Rehearing. The parties agree that a rehearing shall only be allowed in the event that the chair of the Arbitration Panel is unable or unwilling to continue performance of the duties of an arbitrator.
Rehearing. A party dissatisfied with a decision may file a single re- quest for rehearing without prior au- thorization from the Board. The burden of showing a decision should be modi- fied lies with the party challenging the decision. The request must specifically identify all matters the party believes the Board misapprehended or over- looked, and the place where each mat- ter was previously addressed in a mo- tion, an opposition, or a reply. A re- quest for rehearing does not toll times U.S. Patent and Trademark Office, Commerce § 42.74 for taking action. Any request must be filed:
Rehearing. Upon a motion initiated by any member and adopted by the unanimous vote of the members present, but not less than a majority of all the members, the Board of Appeals shall review at a rehearing, held upon notice given upon an original hearing, any order, decision, or determination of the Board not previously reviewed. Upon such rehearing, and provided it shall appear that the rights vested prior thereto in persons acting in good faith in reliance upon the order, decision or determination reviewed will not be prejudiced thereby, the Board may, upon concurring vote of all members present, reverse, modify or annul its original order, decision or determination.
Rehearing. In vacating the award on grounds other than stated in paragraph E of subsection 1 the court may order a rehearing before new arbitrators chosen as provided in the agreement, or in the absence thereof, by the court in accordance with section 5929, or, if the award is vacated on grounds set forth in paragraphs C and D of subsection 1 the court may order a rehearing before the arbitrators who made the award or their successors appointed in accordance with section 5929. The time within which the agreement requires the award to be made is applicable to the rehearing and commences from the date of the order. [PL 1967, c. 430 (NEW).]
Rehearing. EN BANC SHOULD BE GRANTED BECAUSE THE PANEL DECI- SION CONFLICTS WITH THIS COURT’S PRIOR PRECEDENT.The panel decision to affirm the dismissal of Ap- pellants’ Complaint for lack of standing conflicts with decisions of this circuit and consideration by the full court is necessary to secure and maintain uniformity of the court’s decisions. Specifically, the panel decision to affirm conflicts with Maytag Corp. v. Int’l Union, United Auto., Aerospace & Agric. Implement Workers of Am., 687 F.3d 1076, 1081 (8th Cir. 2012) and N. Dakota State Univ. v. United States, 255 F.3d 599, 605 (8th Cir. 2001).Appellants’ Complaint states a justiciable con- troversy pursuant to controlling circuit precedent, alleging that Appellants suffered (1) a concrete injury (rather than a hypothetical one), (2) that is fairly trace- able to the Board’s challenged action, and (3) that the injury would likely be redressed by a favorable deci- sion. Lujan v. Defs. of Wildlife, 504 U.S. 555, 561 (1992). In determining whether sufficient facts have been alleged for a declaratory judgment, the court looks to “whether the facts alleged, under all the circum- stances, show that there is a substantial controversy, between parties having adverse legal interests, of sufficient immediacy and reality to warrant the issu- ance of a declaratory judgment.” Maytag, 687 F.3d at 1081 (quoting Maryland Cas. Co. v. Pacific Coal & Oil Co., 312 U.S. 270, 273 (1941)). See also Medimmune, Inc. v. Genentech, Inc., 549 U.S. 118, 126-27 (2007)(same standard).The Board’s unilateral modifications of Appel- lants’ contracts via adoption of the Revised Policy, along with the Board’s admitted retroactive applica- tion of the unilateral modifications against Appellants, is a concrete injury and violation of Appellants’ consti- tutional rights. This injury has already occurred with- out the need for any further action to be taken. Critically, when Appellants were hired and then ten- ured, Appellants’ tenure contracts did not merely en- compass the right to termination for cause, no matter the meaning of the term – as the Board baldly con- tends. Rather, those contracts included the right to be terminated for cause only as specified in the agree- ment entered into by the parties at the time. The Board’s contention that it can change the definition of the most material term in Appellants’ employment contracts at its discretion without any injury occurring to Appellants is not the law and has never been the law. See Me...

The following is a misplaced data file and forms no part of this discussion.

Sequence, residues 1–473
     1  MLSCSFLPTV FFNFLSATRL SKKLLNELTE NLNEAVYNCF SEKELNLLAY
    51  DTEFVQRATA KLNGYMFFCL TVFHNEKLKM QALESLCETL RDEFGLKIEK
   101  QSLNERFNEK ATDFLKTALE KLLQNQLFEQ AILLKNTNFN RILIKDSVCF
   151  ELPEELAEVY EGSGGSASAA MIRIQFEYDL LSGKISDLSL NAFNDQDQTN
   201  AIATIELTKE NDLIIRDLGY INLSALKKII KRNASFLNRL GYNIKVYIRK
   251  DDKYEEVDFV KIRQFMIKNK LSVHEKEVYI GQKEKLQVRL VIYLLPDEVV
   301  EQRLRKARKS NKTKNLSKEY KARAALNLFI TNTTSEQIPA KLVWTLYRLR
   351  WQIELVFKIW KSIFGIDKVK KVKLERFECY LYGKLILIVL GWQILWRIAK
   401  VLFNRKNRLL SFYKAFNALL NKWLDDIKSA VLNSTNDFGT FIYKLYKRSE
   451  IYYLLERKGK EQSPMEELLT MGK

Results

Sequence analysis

Rehearing. (1) A request for rehearing after a final decision may exceptionally be made to the Court of Appeal on discovery of a fact by the party requesting the rehearing, which is of such a nature as to be a decisive factor and which, when the decision was given, was unknown to the party requesting the rehearing. Such request may only be based on grounds of a fundamental procedural defect or of an act which was held, by a final court decision, to constitute a criminal offence.
Rehearing. For a rehearing the manager/Appeals Committee of the Governing Body will repeat the process for a disciplinary meeting in accordance with the disciplinary procedure and come to their own decision. If an investigation has not already been carried out, the Manager /appeals committee should consider whether one is necessary.